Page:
Treasure Chamber


On 31 March 2015,  a new museum unlike any other in the Alps opened its doors to the public. The Liechtenstein Treasure Chamber focuses primarily on exhibits belonging to the Princes of Liechtenstein and other private collectors.

Thanks to the generosity of the Princely Family, visitors will have the chance to admire a number of items from the Princely Collections. With over 800 years of tradition, the Princely Family of Liechtenstein is not only one of the oldest ruling families in the world but also the owner of one of the world’s oldest and continually expanding collections dating back more than 400 years. Its paintings by the Old Masters and array of arms are world-famous. The exhibition will display a selection of valuable materials, weapons, hunting knives and gifts presented by kings and emperors, such as Frederick the Great and Emperor Joseph II, to the Princes of Liechtenstein.

The museum will also showcase exhibits belonging to the Liechtenstein collector Adulf Peter Goop (1921-2011), who donated his significant collection to the Principality on 9 June 2010. Highlights include his famous collection of Easter eggs – the most diverse of its kind in the world – and in particular a selection of Russian Easter eggs from tsarist times unparalleled outside Russia. As well as the famous Apple Blossom Egg by Karl Fabergé, the museum also features bejewelled golden Easter eggs created by other famous goldsmiths such as Pavel Akimovitch Ovtchinnikov and Alexander Edvard Tillander, gold and silver Easter eggs with intricate enamel decoration, and eye-catching porcelain and glass Easter eggs from the Imperial Manufactories. Among the latter are a number of “Tsar and Tsarina Eggs”, which were commissioned each Easter by the ruling couple to present as gifts to important people.

Also on display in the museum is a selection of the “Rhine Journey” paintings completed by Johann Ludwig (Louis) Bleuler (1792-1850) around 1820/1830. Taken from the collection of Adulf Peter Goop, who during his lifetime acquired 77 of the 80 original gouaches, they depict the entire Rhine from its source to its estuary and served as inspiration for the famous engravings that were highly popular among tourists in the 19th century.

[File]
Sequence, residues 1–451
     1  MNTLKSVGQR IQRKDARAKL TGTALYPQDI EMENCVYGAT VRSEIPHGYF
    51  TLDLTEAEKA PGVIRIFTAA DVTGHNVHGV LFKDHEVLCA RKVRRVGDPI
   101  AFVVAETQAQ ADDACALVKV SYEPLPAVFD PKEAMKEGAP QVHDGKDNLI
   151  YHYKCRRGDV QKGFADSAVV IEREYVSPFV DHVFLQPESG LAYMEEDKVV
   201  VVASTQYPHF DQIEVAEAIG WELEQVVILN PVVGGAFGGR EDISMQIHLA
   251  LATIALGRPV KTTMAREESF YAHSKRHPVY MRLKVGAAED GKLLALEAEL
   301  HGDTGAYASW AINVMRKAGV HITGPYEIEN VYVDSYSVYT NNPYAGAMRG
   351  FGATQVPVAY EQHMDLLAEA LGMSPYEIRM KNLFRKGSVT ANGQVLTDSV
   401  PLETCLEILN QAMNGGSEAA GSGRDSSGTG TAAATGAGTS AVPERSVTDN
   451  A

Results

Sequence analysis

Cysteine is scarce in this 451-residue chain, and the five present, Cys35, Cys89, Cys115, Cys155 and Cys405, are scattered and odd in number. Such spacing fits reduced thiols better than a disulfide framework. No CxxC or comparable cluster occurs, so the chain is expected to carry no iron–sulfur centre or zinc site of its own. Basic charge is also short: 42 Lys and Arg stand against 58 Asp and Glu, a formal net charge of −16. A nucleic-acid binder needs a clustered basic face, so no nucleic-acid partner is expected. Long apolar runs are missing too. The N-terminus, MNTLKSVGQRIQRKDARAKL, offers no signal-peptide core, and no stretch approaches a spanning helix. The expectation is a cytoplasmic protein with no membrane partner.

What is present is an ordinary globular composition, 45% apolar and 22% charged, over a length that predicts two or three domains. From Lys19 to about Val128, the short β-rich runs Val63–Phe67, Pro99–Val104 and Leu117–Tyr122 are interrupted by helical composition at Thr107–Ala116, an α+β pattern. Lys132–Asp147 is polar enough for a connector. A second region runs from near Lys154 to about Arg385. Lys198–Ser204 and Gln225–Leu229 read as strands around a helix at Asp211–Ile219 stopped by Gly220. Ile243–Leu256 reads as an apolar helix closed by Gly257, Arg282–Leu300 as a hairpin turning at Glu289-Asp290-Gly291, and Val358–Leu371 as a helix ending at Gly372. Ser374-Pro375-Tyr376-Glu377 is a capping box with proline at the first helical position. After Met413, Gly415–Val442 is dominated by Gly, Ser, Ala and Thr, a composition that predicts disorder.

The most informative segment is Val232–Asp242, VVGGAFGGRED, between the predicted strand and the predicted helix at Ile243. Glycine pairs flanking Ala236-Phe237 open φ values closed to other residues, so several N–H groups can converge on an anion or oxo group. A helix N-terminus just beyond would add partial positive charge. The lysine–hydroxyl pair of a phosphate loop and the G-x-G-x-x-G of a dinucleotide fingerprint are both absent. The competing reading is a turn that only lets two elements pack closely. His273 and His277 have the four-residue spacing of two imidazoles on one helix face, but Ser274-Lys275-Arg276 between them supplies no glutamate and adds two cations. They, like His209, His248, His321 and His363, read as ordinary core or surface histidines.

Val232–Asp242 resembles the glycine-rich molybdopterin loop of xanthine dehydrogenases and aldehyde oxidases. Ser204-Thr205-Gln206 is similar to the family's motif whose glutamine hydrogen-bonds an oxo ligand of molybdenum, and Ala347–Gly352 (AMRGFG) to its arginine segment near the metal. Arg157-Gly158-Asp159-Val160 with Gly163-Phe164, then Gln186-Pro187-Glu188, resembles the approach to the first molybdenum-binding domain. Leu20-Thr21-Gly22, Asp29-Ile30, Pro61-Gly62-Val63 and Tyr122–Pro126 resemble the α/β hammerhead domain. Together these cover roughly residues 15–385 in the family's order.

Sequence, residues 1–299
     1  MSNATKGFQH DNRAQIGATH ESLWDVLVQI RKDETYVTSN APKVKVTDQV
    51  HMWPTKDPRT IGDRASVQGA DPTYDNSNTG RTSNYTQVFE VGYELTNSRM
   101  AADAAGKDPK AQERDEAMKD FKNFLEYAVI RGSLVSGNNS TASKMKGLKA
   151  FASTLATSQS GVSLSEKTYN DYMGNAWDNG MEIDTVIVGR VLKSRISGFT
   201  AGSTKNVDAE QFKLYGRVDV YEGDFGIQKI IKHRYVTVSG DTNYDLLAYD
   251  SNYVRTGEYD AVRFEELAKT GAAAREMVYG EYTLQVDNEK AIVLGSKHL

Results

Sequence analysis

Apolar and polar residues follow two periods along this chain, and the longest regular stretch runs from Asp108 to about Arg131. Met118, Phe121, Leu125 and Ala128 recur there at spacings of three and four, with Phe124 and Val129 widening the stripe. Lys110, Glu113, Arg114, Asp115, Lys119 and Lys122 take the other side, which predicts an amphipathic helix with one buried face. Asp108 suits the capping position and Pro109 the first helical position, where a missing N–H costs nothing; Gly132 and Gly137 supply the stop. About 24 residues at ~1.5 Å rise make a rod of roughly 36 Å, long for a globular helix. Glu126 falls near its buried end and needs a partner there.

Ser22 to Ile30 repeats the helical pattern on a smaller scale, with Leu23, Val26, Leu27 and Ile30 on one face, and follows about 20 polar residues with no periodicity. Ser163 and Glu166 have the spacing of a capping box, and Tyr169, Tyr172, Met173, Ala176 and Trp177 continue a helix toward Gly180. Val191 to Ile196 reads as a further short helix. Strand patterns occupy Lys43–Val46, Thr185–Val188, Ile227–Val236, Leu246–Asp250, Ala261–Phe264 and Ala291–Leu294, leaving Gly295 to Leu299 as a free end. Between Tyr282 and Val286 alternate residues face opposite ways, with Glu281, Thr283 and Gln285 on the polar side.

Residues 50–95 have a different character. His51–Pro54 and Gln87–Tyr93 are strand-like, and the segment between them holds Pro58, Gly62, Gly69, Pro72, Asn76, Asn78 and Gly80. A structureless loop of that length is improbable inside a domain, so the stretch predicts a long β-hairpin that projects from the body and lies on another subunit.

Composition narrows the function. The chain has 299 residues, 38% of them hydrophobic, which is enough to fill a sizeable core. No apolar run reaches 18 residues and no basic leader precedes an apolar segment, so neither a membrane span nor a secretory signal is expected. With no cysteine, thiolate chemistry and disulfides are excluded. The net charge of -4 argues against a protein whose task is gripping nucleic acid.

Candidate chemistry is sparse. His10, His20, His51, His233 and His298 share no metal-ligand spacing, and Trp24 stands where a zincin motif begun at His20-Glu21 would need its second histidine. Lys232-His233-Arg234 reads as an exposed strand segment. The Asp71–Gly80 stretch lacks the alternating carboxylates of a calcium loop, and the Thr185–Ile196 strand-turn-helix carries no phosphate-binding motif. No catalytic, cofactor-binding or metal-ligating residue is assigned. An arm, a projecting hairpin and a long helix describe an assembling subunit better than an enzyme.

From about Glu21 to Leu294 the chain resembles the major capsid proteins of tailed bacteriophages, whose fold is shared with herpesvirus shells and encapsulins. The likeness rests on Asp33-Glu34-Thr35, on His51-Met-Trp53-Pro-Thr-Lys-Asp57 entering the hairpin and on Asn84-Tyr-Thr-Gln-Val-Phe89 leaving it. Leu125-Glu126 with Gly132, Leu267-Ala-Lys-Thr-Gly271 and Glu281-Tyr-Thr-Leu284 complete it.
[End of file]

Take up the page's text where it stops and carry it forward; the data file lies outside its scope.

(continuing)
Further important objects include lunar rocks from the Apollo 11 and Apollo 17 missions as well as Liechtenstein national flags which were carried on the first and last manned flights to the Moon. These were given to the Principality as a token of gratitude for the help provided to NASA by the Liechtenstein-based company Balzers AG, which at the time specialised in vacuum technology and supplied protective coatings for the space rockets.

Last but by no means least, the display also features the original design of the first ever postage stamp issued by the Principality of Liechtenstein, created by the famous Austrian artist and co-founder of the Vienna Secession and the Vienna Workshops, Koloman Moser. 

 

     
Replica of the ducal coronet (princely crown) for Prince Karl I of Liechtenstein (1569-1627).
Originally gold with 26 pearls, 30 large and 99 small diamonds, and 16 rubies.
Frankfurt am Main/Prague, 1626.
Craftsman: Daniel de Briers.
This replica was presented to Prince Franz Josef II in 1978 to mark the 40th anniversary of his accession to the throne.
© LIECHTENSTEIN. The Princely Collections, Vaduz–Vienna.
  “Apple Blossom Egg” by Fabergé.
Gold, diamonds, nephrite, enamel.
St Petersburg, 1901.
Craftsman: Michael Evlampievich Perchin.
© Liechtenstein National Museum, photo Sven Beham
     
     
Original design for 2 Heller stamp by Koloman Moser with portrait of Prince Johann II of Liechtenstein (not realised),1912.
© Liechtenstein National Museum, photo Sven Beham
  Four small moon rocks.
Liechtenstein national flag which was on the moon.
Apollo 11, 1969.
© Liechtenstein National Museum, photo Sven Beham

     
     
“View of Vaduz” by Johann Ludwig (Louis) Bleuler.
Gouache.
Ca. 1820/1830.
© Liechtenstein National Museum, photo Sven Beham
  “Rhine Falls near Schaffhausen” by Johann Ludwig (Louis) Bleuler. Gouache. Ca. 1820/1830.
© Liechtenstein National Museum, photo Sven Beham

     
     
Wheellock pistols.
Gold, steel, gold coating; wood with ivory inlay.
Bad Mergentheim, ca. 1590.
Craftsman: Wolf Lucz.
© LIECHTENSTEIN. The Princely Collections, Vaduz–Vienna, Inv. no. WA 142 and WA 143

  Assembly of the Olympian Gods.
Ivory. Vienna, ca.1680/90.
© LIECHTENSTEIN. The Princely Collections, Vaduz–Vienna, Inv. no. SK 510 

 
     
     
Orpheus with Harp on a Tree Trunk
Silver with gold coating (except figure).
1613/15.
© LIECHTENSTEIN. The Princely Collections, Vaduz–Vienna, Inv. no. SI 98. 

 
  Perpetual calendar. Copper, gold plating; brass.
Prague, shortly after 1587. Craftsman: Erasmus Habermel (1550–1606).
© LIECHTENSTEIN. The Princely Collections, Vaduz–Vienna, Inv. no. SK 1440.

     
     
Right gauntlet from the Rosenblatt suit of armour belonging to Emperor Maximilian II.
Polished steel, etched bands in black and gold, gilded rivets, fine-plated hand and finger protection.
Landshut, 1571.
Craftsman: Franz Grosschedel.
© LIECHTENSTEIN. The Princely Collections, Vaduz–Vienna, Inv. no. WA 4310.